You can’t throw a stick this week without hitting some EA/Battlefront II outrage. It may well be the most exciting dialogue we have ever encountered regarding precisely how damaging locked content, player progression and micro-transactions may actually be within the realm of game development. Even Belgium’s gambling regulators are investigating Battlefront 2 loot boxes, which is sure to at least raise some previously un-raised eyebrows.
But, where did this all begin? I wrote a particularly brief article earlier this week that shared some statistics regarding how we, as players are not blameless for the ‘aggressive monetisation’ climate that currently surrounds us – but what of the company that birthed this current tide of anger?
Well there are some exceptionally interesting numbers on EA’s side also – and they come from FIFA.
In FIFA ’09, you were introduced to a new feature titled ‘Ultimate Team Mode’. UTM allowed a player to gain an ingame currency, and buy ‘packs’ of player cards – representing a massive roster of players from professional leagues across the entire world. When you have enough players to field a team, you can then step onto the pitch against other players who had done similarly. Like collecting physical sports cards back in the day, only with the added benefit of actually playing with them!
And if you wanted to speed up your card collecting process, you actually had the convenient chance to purchase additional currency, to then …buy more card packs. Here’s where the figures start to kick in.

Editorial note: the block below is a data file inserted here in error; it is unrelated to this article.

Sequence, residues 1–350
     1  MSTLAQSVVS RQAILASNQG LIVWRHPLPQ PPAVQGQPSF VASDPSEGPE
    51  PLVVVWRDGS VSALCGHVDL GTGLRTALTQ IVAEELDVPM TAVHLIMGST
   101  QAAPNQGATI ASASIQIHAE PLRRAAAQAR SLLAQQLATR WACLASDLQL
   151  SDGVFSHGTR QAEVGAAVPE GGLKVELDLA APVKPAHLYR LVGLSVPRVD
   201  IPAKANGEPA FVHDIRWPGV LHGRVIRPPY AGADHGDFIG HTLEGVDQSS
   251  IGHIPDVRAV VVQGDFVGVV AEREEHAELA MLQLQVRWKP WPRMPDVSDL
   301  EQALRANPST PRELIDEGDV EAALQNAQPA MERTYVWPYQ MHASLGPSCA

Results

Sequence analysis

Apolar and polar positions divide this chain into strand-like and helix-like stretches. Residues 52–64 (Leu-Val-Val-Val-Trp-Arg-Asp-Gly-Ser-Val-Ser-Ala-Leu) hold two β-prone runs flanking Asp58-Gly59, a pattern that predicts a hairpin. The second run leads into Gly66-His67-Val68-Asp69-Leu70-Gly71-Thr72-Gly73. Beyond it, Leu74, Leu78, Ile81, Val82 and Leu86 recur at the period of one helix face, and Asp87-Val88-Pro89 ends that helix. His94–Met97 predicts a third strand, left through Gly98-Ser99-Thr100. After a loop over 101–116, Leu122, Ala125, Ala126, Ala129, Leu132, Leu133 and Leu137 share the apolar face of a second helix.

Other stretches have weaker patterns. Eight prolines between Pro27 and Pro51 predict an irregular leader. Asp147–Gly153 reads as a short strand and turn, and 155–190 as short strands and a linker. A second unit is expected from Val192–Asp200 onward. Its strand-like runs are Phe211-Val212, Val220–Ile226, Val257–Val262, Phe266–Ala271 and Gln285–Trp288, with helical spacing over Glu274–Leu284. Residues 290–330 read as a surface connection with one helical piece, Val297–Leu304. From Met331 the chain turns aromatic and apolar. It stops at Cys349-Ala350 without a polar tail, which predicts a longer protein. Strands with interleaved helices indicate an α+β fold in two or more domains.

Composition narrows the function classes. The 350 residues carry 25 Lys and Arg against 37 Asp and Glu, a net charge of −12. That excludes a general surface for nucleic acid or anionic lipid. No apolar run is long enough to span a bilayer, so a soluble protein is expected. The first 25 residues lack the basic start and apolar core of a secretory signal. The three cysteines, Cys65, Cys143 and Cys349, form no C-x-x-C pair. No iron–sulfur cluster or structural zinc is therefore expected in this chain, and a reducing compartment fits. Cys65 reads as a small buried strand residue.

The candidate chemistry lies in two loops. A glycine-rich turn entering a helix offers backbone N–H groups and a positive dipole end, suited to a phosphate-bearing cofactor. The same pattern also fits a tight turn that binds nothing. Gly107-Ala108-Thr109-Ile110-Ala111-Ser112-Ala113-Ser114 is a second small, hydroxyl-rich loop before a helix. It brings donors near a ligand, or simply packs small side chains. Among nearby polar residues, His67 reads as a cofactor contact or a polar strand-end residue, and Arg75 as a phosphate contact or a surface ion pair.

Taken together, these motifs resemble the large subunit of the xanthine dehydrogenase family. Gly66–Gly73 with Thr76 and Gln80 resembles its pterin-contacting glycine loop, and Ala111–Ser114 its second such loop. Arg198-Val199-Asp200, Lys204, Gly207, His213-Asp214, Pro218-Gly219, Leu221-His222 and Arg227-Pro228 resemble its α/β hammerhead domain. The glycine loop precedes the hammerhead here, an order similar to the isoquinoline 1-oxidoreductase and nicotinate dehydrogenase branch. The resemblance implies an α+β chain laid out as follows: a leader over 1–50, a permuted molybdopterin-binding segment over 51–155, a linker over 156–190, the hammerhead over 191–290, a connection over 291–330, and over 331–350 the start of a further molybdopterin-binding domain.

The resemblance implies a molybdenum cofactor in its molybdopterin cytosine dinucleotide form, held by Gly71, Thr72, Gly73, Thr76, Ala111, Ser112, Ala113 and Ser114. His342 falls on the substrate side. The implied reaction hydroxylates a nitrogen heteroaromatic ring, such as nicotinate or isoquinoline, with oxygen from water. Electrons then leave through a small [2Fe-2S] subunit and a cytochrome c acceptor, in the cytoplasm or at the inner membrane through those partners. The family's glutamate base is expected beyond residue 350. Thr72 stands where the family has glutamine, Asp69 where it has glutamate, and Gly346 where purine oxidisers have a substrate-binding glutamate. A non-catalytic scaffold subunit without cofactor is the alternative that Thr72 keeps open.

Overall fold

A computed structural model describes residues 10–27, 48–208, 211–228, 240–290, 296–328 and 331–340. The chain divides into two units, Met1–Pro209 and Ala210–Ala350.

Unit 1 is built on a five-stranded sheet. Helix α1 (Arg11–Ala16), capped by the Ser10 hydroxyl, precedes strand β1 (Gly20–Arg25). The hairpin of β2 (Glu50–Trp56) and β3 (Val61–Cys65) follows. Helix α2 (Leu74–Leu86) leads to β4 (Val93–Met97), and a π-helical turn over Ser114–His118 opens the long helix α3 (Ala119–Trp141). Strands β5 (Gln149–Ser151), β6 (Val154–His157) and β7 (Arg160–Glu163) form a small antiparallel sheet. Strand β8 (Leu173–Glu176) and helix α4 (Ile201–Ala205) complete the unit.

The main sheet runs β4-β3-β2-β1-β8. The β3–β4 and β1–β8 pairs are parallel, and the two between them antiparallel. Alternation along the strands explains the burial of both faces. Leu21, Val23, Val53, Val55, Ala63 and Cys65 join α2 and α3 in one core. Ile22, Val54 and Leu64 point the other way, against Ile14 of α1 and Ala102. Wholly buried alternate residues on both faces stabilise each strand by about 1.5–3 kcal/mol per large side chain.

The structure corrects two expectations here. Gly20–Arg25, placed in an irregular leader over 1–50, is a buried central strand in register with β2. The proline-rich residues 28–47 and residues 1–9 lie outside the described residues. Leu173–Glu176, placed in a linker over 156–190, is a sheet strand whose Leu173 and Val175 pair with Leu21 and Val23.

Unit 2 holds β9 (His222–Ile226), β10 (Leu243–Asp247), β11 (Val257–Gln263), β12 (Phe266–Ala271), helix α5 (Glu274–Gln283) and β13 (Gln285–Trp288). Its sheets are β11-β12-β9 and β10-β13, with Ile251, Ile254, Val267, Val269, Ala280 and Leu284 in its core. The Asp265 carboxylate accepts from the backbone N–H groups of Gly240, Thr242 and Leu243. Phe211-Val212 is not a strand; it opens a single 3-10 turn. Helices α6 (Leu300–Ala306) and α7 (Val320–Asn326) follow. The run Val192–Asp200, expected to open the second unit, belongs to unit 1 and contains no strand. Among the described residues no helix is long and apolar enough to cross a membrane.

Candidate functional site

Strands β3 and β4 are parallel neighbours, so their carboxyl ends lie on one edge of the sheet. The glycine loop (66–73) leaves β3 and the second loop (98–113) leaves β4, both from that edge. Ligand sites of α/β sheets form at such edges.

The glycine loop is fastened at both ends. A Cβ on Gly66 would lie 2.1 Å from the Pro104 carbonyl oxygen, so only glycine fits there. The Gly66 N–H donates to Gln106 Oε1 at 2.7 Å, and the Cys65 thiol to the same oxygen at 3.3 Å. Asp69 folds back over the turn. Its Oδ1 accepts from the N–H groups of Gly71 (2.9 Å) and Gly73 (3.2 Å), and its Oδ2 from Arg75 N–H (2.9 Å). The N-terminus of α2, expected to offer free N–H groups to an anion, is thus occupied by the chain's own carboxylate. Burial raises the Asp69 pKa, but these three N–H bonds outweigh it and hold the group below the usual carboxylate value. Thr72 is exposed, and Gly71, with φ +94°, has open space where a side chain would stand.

- By 2010, UTM and its associated ‘choose to buy’ practices had earned 30 million USD. (This is separated from sales of the game, this is UTM alone) [Source – Cached]
- The release of FIFA ’13 saw this figure swell to 200 million USD. [Source]
- This year, EA is now looking at an income of 800 million USD. [Source – Cached]
Now, these figures sure are interesting – but how do they apply to Battlefront II? Well, in the article above where I mentioned the lofty heights of Eight Hundred Million Dollars, there is a quote from CFO Blake Jorgensen (CFO = Chief Financial Officer) where he discusses the success of this business model, but more specifically:
“Like Battlefield or Battlefront, our Star Wars game, which are very similar in the depth of play – we can possibly add a similar mechanic to that. We spend a lot of time thinking about it,”
The rest of the quote does mention ‘over the next couple of years’, but you can’t help but direct a glaring eye to the current Battlefront II malarkey. Was this a portent of things to come? An unintended warning? It’s hard to ignore the figures – and with results like what Jorgensen has seen so far, it’s no wonder the system is so popular for them.